North Dakota’s sandhill crane season opens Sept. 15. Hunters are urged to use caution and identify birds to prevent shooting at whooping cranes as they begin their fall migration.
The sandhill crane season is open through Nov. 11 in unit 1 (west of U.S. Highway 281), and through Oct. 21 in unit 2 (east of U.S. Highway 281). Limits are three daily and six in possession in unit 1, and two daily and four in possession in unit 2. Shooting hours are one-half hour before sunrise to 1 p.m. each day through Nov. 3. Beginning Nov. 4, shooting hours are extended until 2 p.m. each day.
North Dakota’s two-day youth waterfowl season is Sept. 15-16. Legally licensed resident and nonresident youth waterfowl hunters age 15 and younger can hunt ducks, geese, coots and mergansers statewide.
The daily bag limit and species restrictions for the youth season are the same as for regular duck and goose seasons.
On a trial basis, North Dakota’s Sportsmen Against Hunger Program is accepting donations of goose meat taken during the early Canada goose season.
Much like the popular SAH deer donation program, hunters can bring in their goose meat to participating processors. However, hunters must remove the breast meat from the birds before processors can accept them.
The North Dakota Game and Fish Department is reminding bowhunters that hunting deer over bait is now prohibited in deer units 3C, 3E1, 3E2, 3F1 and 3F2.
Expansion of the area in which hunting over bait is no longer allowed is in response to recent discoveries of chronic wasting disease in deer in part of southwestern North Dakota. In 2011 only unit 3F2, where the first two CWD positive deer were taken, was closed to hunting over bait.
North Dakota’s swan lottery has been held and more than 300 licenses remain. Only hunters who do not have a swan license for the 2012 season can apply, as regulations limit hunters to one license per year.
The North Dakota Game and Fish Department is currently working with 21 landowners in 17 hunting units across the state who would like to host antlerless deer hunters in 2012. The current list of landowners has 230 openings for doe hunters.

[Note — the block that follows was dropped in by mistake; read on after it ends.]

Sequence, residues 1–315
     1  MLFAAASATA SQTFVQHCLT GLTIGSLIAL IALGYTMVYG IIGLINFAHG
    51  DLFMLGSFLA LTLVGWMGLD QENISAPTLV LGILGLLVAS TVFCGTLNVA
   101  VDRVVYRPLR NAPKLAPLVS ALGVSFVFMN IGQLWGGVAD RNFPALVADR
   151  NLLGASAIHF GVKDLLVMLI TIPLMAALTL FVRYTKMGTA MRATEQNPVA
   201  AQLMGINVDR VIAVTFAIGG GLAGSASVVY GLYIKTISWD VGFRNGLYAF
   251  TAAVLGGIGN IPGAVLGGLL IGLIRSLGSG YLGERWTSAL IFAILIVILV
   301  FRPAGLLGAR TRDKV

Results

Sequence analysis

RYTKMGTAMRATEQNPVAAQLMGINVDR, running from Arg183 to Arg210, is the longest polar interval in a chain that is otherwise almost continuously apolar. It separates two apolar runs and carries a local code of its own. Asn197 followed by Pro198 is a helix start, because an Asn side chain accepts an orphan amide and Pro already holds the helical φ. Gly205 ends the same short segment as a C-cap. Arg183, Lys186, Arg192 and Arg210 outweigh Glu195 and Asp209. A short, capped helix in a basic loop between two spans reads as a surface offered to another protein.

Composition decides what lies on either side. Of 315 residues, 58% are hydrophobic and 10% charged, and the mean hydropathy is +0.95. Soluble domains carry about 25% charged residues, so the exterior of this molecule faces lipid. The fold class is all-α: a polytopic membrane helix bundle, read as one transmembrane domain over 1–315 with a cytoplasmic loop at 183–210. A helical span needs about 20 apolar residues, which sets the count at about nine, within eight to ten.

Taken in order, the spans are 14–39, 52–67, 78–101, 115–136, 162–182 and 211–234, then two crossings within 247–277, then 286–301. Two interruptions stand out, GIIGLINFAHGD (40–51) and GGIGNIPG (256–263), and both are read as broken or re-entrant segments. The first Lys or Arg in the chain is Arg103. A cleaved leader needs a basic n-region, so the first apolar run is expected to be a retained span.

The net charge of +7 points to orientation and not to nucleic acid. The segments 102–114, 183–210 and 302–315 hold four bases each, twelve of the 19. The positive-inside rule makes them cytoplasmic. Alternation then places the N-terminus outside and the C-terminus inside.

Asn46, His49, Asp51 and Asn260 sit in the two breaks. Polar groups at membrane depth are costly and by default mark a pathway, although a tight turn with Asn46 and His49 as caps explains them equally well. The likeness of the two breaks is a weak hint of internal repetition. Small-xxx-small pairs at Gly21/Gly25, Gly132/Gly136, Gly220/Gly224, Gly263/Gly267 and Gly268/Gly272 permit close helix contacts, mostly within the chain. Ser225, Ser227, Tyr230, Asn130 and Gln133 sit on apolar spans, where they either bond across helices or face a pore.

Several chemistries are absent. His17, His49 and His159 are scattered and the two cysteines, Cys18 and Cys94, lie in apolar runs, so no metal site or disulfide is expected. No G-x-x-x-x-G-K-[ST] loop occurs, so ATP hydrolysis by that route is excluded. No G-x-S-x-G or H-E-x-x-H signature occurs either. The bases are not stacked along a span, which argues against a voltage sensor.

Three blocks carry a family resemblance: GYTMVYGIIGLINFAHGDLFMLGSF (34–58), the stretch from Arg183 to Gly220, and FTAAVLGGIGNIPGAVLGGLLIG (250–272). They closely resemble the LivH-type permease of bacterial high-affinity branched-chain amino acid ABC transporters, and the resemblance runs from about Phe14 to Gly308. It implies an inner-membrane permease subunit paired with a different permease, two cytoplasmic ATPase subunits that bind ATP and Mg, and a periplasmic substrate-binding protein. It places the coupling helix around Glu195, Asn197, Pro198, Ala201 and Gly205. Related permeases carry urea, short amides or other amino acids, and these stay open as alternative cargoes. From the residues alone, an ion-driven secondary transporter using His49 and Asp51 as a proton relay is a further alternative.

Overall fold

Participating landowners are located in hunting units 2C, 2D, 2G2, 2I, 2J2, 2K2, 3A4, 3B3, 3C, 3D2, 3E1, 3E2, 3F1, 3F2, 4B, 4D and 4E.
The program is not intended for buck hunters, but designed to direct hunters with antlerless licenses to specific areas to reduce deer populations.
North Dakota hunters should expect to see a slight increase in sharp-tailed grouse and Hungarian partridge numbers this hunting season, based on spring survey numbers. However, the ruffed grouse population continues on a downward trend.
The season for sharp-tailed grouse, ruffed grouse and Hungarian partridge opens Sept. 8.
The State Game and Fish Department’s Encouraging Tomorrow’s Hunters program is a primary sponsor for a youth waterfowl hunting clinic Sept. 7-8 in Bismarck. Ducks Unlimited is hosting the event.
The clinic is for youth ages 16 and under and their parents, and is held at the DU Great Plains Regional Office. Sessions include duck identification, decoy spreads, hunting gear, duck calling and retriever training. The first 20 kids age 9 and older to register can participate in a training event at Capital City Sporting Clays.
The North Dakota Game and Fish Department, local wildlife clubs and other sponsors will usher youngsters into fall during the sixth annual Youth Outdoor Festival in Minot.
The event is Thursday, Sept. 6 from 5:30 to 7:30 p.m. at the North Dakota State Fairgrounds, Game and Fish Pond area.
North Dakota’s 2012 waterfowl season has been set, with season details similar to last year. The only significant changes are the daily limit on scaup has increased from two to six, and a waterfowl rest area in Rolette County has been eliminated.
Opening day for North Dakota residents is Sept. 22 for ducks, geese, coots and mergansers. Nonresidents may begin hunting waterfowl in North Dakota Sept. 29. The season for swans opens for both residents and nonresidents Sept. 29.
Big game hunters are reminded of requirements in effect for transporting deer, elk and moose carcasses and carcass parts into and within North Dakota as a precaution against the possible spread of chronic wasting disease.
North Dakota’s deer archery season opens Friday, Aug. 31 at noon. Hunters must have an archery license to hunt during the bow season – there are no concurrent season deer gun licenses in 2012.
Bowhunters must follow all regulations of the managing agency when using tree stands on public hunting areas, including displaying the owner’s name, address and telephone number on tree stands left unattended on North Dakota Game and Fish Department wildlife management areas.